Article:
Ankle Sprain

Ankle sprain is a very common injury. Some studies have indicated that more than 1000 people will sprain their ankle every day in Australia.

How do I know if my ankle is sprained?

An ankle sprain occurs when we roll our ankle either inwards or outwards. This puts strain on the ligaments and tendons on that side of the ankle causing injury.

Ankle sprains can vary widely from a minor strain that gives pain for a few minutes and recovers within a day or two. They can also be very serious injuries that require a period of immobilisation and non-weight bearing and take months to recover.

What happens when I sprain my ankle?

We have 3 ligaments on the outside of our ankle which can often be damaged when we roll inwards. This is the most common ankle sprain (inversion sprain)

We have 1 large ligament on the inside of our ankle which can be injured when we roll outwards (eversion sprain)

A third category of sprain is a high ankle sprain where we injure the ligament and or fascia between our 2 shin bones (This is the dreaded syndesmosis, the curse of the NRL)

How long should it take for a sprained ankle to heal?

There are 3 grading levels for ligament injury:

Grade 1– minor damage to the ligament (up to 4 weeks healing)

Grade 2– large amount of damage to ligament but some fibres still intact (4-8 weeks healing)

Grade 3– Complete rupture. (>8 weeks healing)

These grading levels may not necessarily match up with the level of pain you feel, however they will impact your healing times.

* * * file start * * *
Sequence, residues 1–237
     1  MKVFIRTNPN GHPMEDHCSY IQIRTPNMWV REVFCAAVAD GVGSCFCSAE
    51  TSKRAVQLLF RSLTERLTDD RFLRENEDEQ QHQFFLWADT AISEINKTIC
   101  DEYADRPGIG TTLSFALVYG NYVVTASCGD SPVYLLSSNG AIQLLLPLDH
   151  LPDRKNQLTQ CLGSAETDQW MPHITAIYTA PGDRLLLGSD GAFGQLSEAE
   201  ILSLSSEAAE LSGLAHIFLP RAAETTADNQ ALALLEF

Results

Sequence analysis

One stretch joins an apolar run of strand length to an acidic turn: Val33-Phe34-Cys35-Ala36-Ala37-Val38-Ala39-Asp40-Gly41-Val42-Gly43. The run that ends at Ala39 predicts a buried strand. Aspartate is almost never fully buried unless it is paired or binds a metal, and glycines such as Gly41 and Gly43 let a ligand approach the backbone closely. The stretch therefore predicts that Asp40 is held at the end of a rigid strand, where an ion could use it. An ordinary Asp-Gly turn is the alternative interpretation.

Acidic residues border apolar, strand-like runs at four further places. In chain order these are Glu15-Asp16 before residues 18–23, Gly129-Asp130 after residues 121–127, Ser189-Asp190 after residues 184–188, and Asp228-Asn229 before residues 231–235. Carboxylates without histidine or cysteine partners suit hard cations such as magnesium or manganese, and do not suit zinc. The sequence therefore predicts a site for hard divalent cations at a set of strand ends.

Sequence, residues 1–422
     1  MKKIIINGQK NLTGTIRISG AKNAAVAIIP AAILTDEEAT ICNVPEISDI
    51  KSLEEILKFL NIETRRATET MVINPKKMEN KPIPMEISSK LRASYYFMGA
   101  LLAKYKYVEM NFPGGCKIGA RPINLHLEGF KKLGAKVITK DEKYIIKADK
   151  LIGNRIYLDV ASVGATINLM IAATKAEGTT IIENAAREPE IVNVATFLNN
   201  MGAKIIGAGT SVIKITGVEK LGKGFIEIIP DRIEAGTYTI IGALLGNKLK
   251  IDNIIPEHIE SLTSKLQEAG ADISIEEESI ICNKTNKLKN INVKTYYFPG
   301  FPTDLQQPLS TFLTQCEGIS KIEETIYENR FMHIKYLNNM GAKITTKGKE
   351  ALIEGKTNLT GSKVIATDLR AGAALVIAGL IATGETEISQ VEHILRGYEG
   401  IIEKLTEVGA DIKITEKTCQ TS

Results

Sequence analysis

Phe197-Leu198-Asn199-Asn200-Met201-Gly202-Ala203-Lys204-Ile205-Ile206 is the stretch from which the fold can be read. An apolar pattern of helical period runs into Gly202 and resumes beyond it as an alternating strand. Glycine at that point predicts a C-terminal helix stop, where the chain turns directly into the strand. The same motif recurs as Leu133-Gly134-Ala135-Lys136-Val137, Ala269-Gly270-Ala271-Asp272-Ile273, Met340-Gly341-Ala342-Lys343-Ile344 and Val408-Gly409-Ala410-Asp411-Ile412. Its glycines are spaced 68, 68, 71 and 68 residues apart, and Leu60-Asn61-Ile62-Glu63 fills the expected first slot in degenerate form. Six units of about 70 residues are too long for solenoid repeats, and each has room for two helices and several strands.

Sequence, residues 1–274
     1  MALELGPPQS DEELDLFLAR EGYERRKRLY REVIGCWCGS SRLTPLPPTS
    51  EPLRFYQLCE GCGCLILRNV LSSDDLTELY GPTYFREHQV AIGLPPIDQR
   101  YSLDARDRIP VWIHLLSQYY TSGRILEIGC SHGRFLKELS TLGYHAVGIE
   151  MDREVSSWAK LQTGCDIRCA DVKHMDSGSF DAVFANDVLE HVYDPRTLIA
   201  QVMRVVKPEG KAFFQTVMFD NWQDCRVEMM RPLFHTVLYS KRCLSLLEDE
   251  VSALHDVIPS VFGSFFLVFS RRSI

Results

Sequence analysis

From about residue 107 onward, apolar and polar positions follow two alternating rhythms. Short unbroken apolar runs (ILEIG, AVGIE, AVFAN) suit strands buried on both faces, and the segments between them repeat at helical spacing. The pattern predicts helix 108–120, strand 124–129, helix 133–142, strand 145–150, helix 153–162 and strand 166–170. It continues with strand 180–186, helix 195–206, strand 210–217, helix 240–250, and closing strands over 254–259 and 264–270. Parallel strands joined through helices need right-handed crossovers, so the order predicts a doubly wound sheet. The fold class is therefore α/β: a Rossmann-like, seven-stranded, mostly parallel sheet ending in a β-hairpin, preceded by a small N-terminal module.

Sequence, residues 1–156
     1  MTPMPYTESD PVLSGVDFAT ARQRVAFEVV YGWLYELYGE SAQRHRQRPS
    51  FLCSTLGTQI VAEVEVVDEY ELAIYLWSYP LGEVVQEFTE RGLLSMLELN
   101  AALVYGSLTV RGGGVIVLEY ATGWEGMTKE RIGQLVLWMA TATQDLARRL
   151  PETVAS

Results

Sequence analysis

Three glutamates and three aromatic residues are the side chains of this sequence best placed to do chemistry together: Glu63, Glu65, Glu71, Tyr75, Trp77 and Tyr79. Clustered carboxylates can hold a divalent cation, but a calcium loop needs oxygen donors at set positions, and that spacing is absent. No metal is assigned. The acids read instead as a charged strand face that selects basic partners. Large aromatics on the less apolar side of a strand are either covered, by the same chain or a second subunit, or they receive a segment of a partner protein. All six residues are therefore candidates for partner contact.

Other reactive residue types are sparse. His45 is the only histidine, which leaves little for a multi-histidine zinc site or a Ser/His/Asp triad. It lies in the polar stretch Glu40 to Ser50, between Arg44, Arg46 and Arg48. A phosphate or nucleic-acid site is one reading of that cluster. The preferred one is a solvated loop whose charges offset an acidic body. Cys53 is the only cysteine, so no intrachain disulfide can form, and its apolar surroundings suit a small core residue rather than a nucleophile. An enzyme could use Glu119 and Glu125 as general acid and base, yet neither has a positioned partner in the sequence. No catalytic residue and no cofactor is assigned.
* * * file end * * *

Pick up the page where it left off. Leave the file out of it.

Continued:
Do I need an x-ray for my sprained ankle?

There are specific guidelines as to who should have a scan. If you are unable to weight bear initially and for a period after injury a plain x-ray is indicated to rule out a broken bone. Ultrasounds are often performed and can often overstate the grading of injury.

MRI is indicated if you fail to improve after 2-4 weeks of rehabilitation.

Surgery for ankle sprain is rare. Surgery would not be indicated based on imaging alone. Surgery is often performed if there is ongoing instability despite thorough rehabilitation.

What to do if you suspect you have sprained your ankle?

The R.I.C.E principle

Relative rest- don’t be afraid to weight bear if you can tolerate it. But limit walking too far if your ankle is too sore.

Ice- apply ice for the first 1-2 days. Ice the area in 10-minute increments

Compression- Apply a compression bandage early to limit swelling.

Elevation- Elevate your ankle above your heart.

When should I see a Physiotherapist for my Ankle Sprain?

Gold standard management would be to see a physiotherapist as early as possible after injury. A trained physiotherapist will be able to order imaging (if needed), supply you with a moon boot or crutches and educate you as to the correct early rehabilitation to perform after injury.

Often early intervention will cut down overall treatment and rehabilitation time considerably. This means less overall treatment, early return to sport or normal function and less time spent in pain.

By Peakhurst Physio

Caring for the whole person, not just the injury

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